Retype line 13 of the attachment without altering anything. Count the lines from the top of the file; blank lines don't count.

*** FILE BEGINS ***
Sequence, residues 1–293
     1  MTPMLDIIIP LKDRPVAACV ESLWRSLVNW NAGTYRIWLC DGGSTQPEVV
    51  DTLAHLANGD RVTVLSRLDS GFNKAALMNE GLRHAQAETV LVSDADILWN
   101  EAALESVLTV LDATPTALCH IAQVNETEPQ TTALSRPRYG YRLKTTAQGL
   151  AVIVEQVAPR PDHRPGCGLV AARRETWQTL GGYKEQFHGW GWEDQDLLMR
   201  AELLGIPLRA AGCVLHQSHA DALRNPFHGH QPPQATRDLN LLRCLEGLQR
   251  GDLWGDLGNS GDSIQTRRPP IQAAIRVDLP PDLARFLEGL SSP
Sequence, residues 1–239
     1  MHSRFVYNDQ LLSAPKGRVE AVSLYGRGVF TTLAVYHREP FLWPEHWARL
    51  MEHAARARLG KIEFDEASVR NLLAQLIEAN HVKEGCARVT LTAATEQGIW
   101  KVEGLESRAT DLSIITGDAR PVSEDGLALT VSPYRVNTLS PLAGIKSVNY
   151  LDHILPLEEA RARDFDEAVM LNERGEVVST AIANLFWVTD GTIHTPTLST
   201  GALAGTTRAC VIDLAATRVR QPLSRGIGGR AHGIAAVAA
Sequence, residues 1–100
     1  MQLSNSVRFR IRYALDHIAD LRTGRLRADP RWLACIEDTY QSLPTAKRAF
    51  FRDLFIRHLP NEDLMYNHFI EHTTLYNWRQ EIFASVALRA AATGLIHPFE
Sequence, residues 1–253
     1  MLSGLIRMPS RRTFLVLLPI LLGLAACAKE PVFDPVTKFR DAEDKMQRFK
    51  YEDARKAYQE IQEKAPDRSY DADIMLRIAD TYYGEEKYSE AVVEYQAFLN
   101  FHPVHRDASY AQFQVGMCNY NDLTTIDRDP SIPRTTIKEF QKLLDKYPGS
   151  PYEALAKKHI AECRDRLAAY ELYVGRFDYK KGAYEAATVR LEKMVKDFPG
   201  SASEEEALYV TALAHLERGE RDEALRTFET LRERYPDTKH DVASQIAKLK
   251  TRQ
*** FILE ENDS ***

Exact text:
   201  GALAGTTRAC VIDLAATRVR QPLSRGIGGR AHGIAAVAA